Traditional beer lovers might turn up their nose at the idea of a sour beer, but that’s only because it’s a polar opposite taste sensation to what they’ve become used to. Conversely wine lovers and other drinkers who often struggled with beer’s bitter dimension are enjoying a flavour experience that transcends what they thought beer could be.
It’s easy to understand why people who normally hate beer, love sours. While humans have evolved to be wary of bitter (it can indicate toxicity) we’re pretty good with acidic flavor…think old-fashioned lemonade, acid drop lollies and, of course, wine.
Sour was beer’s natural state dating back thousands of years when no-one knew anything about yeast and all fermentation came courtesy of bugs from the air, plants or barrels – all of which impart a funky, tart flavour. It wasn’t until breweries learned more about yeast, in the past 200 years, that beer came to resemble the beverage it is now.
Despite technological change, sour beers remained popular in Belgium and Germany and many modern brewers riff of these traditional styles.
How is sour beer made?
There are many ways of creating sour beers but the main three are:
- exposing raw beer (wort) to the elements and letting wild yeasts do their job
- fermenting a beer normally and then putting it in a wooden barrel where other microbes and oxygen get to work on it
- or using a lactobacillus culture to sour the beer before it’s boiled.
Fruit can be added at various stages, bringing with it some added flavour dimensions, tartness and its own set of bugs, and brewers can also blend different “vintages” to create a more complex and layered beer.
In the first example, wild yeast exposure creates what the Belgians call a Lambic. But like Champagne, anyone else making such a style outside a specified region in Belgian can’t call it that. Instead they use the term wild ale. The barrel-aged beers are called just that, while the pre-soured beers are known as kettle-soured (because the beer is soured inside the brew kettle). Sometimes the term quick-soured is used. That’s because kettle-souring is relatively quick and done in a day, whereas a barrel-aged beer can take two years or more to make.
In a kettle-sour, lactobacillus (as in the bug that makes yoghurt) is added to the raw beer before its boiled in a brew kettle. Left overnight the beer develops an acid tang and brewers can refine the acidity level before they carry on and brew the beer as usual, with the boil process killing off the bacteria so it doesn’t have any further effect. The result is an effervescent, slightly tart, very dry beer.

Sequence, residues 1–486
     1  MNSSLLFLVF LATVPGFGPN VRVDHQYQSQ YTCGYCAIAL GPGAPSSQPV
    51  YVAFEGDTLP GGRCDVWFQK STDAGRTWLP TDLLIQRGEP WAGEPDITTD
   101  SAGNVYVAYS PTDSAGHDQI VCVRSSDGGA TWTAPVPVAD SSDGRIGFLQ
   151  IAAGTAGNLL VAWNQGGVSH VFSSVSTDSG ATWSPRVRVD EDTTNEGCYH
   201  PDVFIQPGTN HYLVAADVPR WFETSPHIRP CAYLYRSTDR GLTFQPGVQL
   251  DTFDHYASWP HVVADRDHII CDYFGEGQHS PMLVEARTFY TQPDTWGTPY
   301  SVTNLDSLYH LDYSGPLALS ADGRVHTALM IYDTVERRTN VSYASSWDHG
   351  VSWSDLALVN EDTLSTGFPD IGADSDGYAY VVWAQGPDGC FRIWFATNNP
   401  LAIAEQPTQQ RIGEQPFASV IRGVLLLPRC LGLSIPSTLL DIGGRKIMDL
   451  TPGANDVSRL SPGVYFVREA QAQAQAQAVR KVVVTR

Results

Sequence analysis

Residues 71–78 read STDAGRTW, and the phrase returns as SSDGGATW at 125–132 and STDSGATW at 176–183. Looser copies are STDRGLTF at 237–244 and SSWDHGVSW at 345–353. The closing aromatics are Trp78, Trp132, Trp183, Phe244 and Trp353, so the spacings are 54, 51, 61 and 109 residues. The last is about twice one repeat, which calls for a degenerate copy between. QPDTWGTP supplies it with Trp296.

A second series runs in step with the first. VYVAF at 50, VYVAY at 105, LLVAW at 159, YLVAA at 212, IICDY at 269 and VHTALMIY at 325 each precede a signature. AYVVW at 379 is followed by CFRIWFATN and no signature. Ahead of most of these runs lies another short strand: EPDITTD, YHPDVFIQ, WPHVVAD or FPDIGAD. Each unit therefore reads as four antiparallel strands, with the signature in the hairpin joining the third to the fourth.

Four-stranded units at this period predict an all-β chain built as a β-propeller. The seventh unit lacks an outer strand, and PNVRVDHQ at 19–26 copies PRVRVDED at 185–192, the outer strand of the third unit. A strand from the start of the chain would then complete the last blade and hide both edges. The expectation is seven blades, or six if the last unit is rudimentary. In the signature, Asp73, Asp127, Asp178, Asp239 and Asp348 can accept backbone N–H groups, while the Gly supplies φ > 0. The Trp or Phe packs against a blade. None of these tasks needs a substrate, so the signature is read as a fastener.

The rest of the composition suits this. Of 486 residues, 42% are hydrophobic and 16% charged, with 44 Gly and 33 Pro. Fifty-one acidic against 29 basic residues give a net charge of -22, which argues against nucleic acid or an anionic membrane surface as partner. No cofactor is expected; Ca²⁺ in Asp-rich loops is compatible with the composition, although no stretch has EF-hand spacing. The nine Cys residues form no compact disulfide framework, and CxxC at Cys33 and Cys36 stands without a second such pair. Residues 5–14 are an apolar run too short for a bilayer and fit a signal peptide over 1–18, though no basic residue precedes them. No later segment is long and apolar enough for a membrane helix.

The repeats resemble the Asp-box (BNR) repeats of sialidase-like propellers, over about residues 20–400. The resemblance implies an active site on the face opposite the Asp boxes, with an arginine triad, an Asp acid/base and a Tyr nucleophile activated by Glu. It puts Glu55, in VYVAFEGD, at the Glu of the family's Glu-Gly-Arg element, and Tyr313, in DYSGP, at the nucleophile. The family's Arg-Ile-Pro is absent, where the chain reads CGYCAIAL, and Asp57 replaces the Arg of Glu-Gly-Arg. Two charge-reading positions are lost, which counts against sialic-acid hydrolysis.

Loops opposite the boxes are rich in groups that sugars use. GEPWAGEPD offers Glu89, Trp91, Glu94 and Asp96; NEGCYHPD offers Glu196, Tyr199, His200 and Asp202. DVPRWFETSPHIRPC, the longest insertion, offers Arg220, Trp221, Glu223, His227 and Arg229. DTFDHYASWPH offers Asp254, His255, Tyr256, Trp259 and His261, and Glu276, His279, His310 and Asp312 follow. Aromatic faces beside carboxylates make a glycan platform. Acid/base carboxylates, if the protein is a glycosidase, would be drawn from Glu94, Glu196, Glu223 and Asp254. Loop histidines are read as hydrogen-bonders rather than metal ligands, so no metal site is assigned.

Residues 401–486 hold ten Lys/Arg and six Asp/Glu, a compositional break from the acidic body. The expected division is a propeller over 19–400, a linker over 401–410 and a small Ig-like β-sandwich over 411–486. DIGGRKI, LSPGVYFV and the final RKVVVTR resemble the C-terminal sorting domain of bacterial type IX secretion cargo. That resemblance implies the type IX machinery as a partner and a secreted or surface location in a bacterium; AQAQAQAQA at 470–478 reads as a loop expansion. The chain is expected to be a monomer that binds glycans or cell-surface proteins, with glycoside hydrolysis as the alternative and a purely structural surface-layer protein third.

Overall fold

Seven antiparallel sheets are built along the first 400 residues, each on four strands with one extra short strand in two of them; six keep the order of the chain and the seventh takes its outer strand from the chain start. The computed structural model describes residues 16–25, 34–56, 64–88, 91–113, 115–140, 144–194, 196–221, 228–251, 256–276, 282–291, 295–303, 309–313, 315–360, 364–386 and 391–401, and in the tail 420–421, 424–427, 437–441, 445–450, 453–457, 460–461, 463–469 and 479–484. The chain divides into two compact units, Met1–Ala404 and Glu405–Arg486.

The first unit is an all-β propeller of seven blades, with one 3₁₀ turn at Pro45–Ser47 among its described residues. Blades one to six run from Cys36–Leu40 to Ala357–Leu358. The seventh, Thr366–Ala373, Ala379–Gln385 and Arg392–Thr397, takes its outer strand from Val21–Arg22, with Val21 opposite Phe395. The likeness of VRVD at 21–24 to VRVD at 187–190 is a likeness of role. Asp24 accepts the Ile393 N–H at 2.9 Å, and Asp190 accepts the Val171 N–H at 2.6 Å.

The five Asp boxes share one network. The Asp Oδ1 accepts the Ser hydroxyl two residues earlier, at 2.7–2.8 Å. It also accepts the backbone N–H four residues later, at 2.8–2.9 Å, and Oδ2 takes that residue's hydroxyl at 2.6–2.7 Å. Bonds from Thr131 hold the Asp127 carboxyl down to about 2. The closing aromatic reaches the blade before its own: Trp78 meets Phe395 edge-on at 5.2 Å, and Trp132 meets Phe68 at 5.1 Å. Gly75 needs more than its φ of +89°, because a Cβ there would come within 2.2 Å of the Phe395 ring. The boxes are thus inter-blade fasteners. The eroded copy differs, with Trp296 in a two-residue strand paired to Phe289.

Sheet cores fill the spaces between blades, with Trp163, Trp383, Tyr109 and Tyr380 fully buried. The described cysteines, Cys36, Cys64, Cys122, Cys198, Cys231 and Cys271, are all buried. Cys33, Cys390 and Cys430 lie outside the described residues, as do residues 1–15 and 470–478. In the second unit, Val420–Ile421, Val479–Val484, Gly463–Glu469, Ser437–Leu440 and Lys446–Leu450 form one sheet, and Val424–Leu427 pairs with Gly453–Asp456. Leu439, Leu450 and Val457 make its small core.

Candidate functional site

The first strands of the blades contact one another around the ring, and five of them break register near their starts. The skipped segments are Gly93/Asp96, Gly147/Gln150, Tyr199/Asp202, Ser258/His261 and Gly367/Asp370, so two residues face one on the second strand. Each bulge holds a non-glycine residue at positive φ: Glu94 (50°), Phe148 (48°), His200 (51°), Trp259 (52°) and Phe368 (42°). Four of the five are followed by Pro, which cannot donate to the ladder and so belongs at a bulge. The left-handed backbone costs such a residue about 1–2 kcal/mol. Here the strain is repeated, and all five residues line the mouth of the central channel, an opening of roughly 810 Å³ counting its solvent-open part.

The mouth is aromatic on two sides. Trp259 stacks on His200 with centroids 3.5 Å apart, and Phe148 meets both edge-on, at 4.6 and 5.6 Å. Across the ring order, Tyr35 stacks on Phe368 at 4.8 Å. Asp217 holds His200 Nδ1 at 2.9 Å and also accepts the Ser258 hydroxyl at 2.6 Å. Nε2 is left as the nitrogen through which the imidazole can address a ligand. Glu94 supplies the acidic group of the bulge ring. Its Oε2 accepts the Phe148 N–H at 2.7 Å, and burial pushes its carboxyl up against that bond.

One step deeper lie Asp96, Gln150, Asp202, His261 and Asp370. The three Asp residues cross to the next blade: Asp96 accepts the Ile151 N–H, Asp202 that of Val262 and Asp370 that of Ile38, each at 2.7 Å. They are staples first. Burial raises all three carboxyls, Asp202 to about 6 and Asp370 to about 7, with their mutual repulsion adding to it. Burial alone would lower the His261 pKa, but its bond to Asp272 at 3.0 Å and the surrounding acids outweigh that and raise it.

The addition of fruit to kettle-sours – raspberry, blueberry, peach, feijoa – enhances the flavour and acidity to create beers with a refreshing, dry quality and a depth of flavour that can beautifully mask a lower ABV. Another term you’ll hear that’s in the same ballpark as kettle-sour is Gose. This traditional east German style – from the town of Gosler – has gone through a renaissance in recent years as modern brewers rediscovered an almost extinct style. The traditional method was a salty beer brewed with coriander and lemon. The salt works in the same way it works with salt and vinegar chips! Again breweries are going for fruit additions to this style.
Not many brewers make wild ales, but Garage Project, 8 Wired, North End, Hallertau and Moa are among the industry leaders. Wild ales are very much about taking what nature you gives you in terms of the yeast in the air that gets into the exposed beer. The flavours are often quite “funky” – with barnyard, silage-like aromas. But the complexity and refreshing nature of these beers can be mind-bending.
Barrel-aging is a more common practice – this is because the process can be controlled to an extent. There are two types of barrel-aged beers. One method is to use “clean” barrels that don’t have any microbes lurking in the wood. Here brewers are often trying to get a vanilla flavour out of the wood, as well as letting some oxygen in to mellow the beer.
The other method with barrel-aging is to use a barrel full of all sort of microbes and let them go to work on the beer – these barrels are often old wine or whisky barrels that bring other flavours with them.
While all these variants are classed broadly under “sour” the breadth of flavour is quite remarkable, but what they all have in common is a refreshing, tart, dry and spritzy personality. In fact, they’re often more like cider or wine than beer and are great to pair with food or have as an aperitif.